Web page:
Ladislas Ntaganzwa convicted for plotting to exterminate Tutsis and ordering the killing of more than 25,000 people.
A Rwandan court has handed a life sentence to a former politician found guilty of orchestrating the killing of tens of thousands of people during the 1994 genocide in the country, a court spokesman said.
Ladislas Ntaganzwa, a former mayor of Nyakizu in southern Rwanda, was indicted in 1996 by the Arusha, the Tanzania-based International Criminal Tribunal for Rwanda, on charges of direct and public incitement to commit genocide, murder and rape.
"Ladislas Ntaganzwa was today sentenced to life imprisonment over genocide crimes committed during the genocide against Tutsi in 1994," court spokesman Harrison Mutabazi said on Thursday.
According to the indictment, he addressed the surrounded Tutsis and told them to lay down their arms. Then he gave the order for the massacre to begin, "whereupon the gendarmes and communal police shot at the crowd".
The tribunal's indictment accused Ntaganzwa of plotting to exterminate Rwanda's Tutsi population and personally ordering the massacre of more than 25,000 Tutsi civilians in his town in April 1994. It then passed the case to a Rwandan government court.
The tribunal closed five years ago and was replaced by a successor body, the International Residual Mechanism for Criminal Tribunals, with offices in Arusha and The Hague, Netherlands.
About 800,000 Tutsi and moderate Hutus were killed during the genocide, which took place during the last four months of the Rwandan Civil War.
Alexis Musonera, Ntaganzwa's lawyer, said he planned to appeal the ruling.
"We plan to appeal because evidence in the hearing was based on witnesses' testimony but that was not enough as some witnesses were contradicting themselves. We are not happy about this lengthy life jail term," Musonera told the Reuters news agency.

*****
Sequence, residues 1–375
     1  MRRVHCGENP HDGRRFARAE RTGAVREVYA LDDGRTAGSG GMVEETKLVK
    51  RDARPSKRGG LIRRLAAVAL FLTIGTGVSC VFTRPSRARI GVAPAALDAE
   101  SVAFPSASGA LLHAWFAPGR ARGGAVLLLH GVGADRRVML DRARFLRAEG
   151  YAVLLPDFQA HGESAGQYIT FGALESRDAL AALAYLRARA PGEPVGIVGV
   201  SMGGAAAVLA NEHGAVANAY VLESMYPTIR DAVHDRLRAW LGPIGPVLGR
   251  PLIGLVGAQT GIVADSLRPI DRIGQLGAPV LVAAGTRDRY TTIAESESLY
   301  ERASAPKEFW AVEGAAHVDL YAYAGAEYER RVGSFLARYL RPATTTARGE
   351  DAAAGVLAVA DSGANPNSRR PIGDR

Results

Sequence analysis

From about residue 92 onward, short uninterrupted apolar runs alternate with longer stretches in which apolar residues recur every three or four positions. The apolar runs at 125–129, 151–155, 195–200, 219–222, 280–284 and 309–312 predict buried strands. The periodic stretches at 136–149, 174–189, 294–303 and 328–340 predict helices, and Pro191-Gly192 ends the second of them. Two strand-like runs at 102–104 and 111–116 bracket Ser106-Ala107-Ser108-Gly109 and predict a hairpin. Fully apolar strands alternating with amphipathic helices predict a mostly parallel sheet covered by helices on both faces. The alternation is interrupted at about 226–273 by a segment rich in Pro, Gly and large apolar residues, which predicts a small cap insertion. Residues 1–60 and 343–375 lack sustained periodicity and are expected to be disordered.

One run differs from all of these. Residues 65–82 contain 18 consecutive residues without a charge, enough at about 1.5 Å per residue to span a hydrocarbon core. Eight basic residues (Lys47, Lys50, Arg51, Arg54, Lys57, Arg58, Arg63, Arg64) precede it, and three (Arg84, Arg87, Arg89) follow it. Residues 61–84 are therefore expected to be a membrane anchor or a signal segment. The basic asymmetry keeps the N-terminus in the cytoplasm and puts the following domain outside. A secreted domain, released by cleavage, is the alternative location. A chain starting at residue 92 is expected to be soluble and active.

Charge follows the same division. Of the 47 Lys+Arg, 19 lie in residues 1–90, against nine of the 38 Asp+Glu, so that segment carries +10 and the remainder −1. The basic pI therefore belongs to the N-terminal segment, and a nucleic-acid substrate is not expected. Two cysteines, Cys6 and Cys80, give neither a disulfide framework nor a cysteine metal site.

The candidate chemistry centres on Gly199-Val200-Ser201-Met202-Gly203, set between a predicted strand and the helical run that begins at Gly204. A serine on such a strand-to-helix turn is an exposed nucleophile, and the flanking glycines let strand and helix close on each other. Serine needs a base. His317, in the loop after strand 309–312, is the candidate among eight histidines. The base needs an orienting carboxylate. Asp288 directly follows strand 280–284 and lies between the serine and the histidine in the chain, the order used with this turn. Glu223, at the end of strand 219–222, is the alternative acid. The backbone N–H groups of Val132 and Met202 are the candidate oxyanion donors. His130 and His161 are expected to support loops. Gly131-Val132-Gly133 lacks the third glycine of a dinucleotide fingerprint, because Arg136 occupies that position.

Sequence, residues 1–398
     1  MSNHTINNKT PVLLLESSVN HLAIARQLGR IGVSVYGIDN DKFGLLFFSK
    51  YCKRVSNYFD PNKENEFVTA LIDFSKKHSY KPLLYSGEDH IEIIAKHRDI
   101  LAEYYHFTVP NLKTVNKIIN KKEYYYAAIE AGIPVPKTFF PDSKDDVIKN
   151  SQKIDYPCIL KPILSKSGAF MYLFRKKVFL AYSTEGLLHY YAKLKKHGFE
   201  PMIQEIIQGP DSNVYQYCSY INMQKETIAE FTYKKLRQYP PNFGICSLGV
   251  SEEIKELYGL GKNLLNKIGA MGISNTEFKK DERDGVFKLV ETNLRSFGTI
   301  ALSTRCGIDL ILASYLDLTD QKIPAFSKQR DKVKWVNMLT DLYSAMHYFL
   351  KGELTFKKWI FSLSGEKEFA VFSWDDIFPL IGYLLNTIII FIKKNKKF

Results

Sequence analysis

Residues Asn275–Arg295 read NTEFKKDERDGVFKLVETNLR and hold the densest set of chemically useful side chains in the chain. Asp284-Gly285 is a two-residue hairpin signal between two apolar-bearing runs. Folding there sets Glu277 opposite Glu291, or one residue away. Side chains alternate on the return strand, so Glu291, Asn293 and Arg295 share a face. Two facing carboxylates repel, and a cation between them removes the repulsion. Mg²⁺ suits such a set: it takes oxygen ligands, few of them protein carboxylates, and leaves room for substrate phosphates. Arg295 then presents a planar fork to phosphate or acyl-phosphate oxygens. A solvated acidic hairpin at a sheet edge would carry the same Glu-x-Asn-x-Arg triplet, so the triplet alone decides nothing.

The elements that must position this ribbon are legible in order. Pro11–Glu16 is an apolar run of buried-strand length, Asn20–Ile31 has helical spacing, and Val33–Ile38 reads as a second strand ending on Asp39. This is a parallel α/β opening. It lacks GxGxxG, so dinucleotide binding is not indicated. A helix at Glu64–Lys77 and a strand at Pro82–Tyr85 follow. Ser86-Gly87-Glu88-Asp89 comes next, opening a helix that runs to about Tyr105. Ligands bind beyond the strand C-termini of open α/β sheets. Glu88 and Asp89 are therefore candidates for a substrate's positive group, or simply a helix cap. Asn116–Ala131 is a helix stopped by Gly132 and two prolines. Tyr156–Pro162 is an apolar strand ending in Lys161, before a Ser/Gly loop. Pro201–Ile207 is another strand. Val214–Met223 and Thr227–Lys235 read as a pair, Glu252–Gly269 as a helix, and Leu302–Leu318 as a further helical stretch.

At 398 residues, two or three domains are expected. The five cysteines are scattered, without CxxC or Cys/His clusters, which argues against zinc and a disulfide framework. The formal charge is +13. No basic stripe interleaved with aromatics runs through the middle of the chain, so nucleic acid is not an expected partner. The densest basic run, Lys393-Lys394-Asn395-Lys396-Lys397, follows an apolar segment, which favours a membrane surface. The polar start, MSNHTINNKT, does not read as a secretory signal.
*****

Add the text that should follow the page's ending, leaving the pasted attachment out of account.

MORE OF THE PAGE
The judgement was announced via video conference while Musonera used Skype to follow it with Ntaganzwa at Mpanga prison in the country's southern province.
Ntaganzwa was arrested in December 2015 in the Democratic Republic of the Congo. Rwanda took him into custody in March 2016.
The United States had offered up to $5m for information leading to his arrest.
The sentencing comes shortly after Felicien Kabuga, the top-most fugitive from the genocide, was arrested in France last week after 25 years on the run.
The wealthy businessman is accused of supplying machetes to the killers in the genocide and broadcasting propaganda urging mass slaughter.
On Wednesday, Kabuga appeared in a French court and denied the charges. His request for bail was denied. He seeks trial in France and not in Africa.
The International Residual Mechanism for Criminal Tribunals also announced last week that it had concluded that former Defence Minister Augustin Bizimana, another of the most-wanted fugitives, had died.
The remaining high-profile genocide suspect at large is Protais Mpiranya, a former commander of the Presidential Guard of the Rwandan Armed Forces.
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